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Corruption and Conflicts of Interest

Corruption and Conflicts of Interest

A Comparative Law Approach

Studies in Comparative Law and Legal Culture series

Edited by Jean-Bernard Auby, Emmanuel Breen and Thomas Perroud

As in all periods of swift economic development and political upheaval, our era of globalization has brought corruption and conflicts of interest into the spotlight. This comprehensive study highlights the difficulties of devising global legislative and judicial responses to these issues.

Chapter 5: Corruption and conflicts of interest: Future prospects on lobbying

Grégory Houillon

Subjects: law - academic, comparative law, constitutional and administrative law, corruption and economic crime, public international law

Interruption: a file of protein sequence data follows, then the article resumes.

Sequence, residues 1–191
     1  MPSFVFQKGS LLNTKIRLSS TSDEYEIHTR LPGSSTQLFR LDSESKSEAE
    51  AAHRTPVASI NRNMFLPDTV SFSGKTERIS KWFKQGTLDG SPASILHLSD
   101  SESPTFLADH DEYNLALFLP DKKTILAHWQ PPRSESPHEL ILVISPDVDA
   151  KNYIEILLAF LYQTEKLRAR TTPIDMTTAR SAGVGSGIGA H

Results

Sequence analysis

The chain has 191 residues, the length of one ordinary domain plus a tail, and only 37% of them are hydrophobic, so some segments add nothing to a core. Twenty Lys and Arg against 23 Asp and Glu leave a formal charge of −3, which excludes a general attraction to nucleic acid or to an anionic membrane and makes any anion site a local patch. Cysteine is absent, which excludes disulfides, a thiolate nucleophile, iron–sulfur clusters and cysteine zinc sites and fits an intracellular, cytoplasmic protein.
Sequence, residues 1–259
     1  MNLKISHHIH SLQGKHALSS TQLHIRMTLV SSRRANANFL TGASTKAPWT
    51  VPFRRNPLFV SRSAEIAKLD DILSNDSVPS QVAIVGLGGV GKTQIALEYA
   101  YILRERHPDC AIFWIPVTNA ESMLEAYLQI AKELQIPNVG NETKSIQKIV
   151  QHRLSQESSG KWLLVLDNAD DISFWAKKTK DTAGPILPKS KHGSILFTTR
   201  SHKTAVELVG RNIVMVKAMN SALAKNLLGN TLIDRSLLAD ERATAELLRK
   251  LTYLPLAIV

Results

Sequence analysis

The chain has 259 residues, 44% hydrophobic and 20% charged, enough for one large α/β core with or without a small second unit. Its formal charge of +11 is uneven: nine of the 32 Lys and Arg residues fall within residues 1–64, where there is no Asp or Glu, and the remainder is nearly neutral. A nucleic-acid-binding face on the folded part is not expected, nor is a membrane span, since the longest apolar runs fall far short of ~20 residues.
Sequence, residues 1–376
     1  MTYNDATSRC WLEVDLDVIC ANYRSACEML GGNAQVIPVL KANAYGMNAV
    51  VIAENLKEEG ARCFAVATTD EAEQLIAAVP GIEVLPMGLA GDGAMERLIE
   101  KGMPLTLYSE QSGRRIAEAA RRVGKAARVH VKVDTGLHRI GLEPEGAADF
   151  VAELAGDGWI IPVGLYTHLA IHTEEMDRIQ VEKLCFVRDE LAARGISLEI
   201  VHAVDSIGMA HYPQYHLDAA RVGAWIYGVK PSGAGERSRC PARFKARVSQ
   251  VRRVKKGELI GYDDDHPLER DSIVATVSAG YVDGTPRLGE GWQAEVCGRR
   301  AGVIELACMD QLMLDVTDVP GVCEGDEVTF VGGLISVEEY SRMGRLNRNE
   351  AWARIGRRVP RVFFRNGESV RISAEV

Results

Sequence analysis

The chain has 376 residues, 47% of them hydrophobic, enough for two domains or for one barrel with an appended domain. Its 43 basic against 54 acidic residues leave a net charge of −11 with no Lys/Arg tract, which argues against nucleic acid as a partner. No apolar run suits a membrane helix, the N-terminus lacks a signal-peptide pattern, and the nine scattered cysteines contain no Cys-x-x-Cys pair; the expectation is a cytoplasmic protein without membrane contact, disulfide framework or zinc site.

The development of democracy arising from the people's need to participate more effectively in public debate, and to have a better control of governing authority's actions, has led legal practitioners and scholars to be interested in lobbying. The growing importance of this practice raises the question of its legal boundaries. The exercise of lobbying comprises various practices accomplished by diverse organisms and can be defined as follows: an influential action, motivated by particular, category-specific and divisive interests which are brought to the attention of a particular public officer or a producing branch of imperative legal rules without any counterpart. The aim of this practice is to obtain from the author of the act a legal effect, compatible with the interest defended by the lobbyist. Otherwise put/stated, the lobbyist solicits an administrative or a legal protection for certain particular interests. It neither binds nor commits. A lobbyist can only suggest, or propose, without any compensation. Indeed, any such counterpart would imply either imperative instruction, if the coercion was used on a representative, or corruption or conflict of interest. Concerning public interest, lobbying appears to be partial or biased, whereas it is addressing an authority whose duty is to be impartial. In spite of this apparent contradiction, lobbying has, without a doubt, an essential educational role to play towards public authorities. Therefore, if it is not limited by an 'Exemplary State',it will extend very closely and unintelligibly into conflicts of interests in their most accomplished form: corruption.

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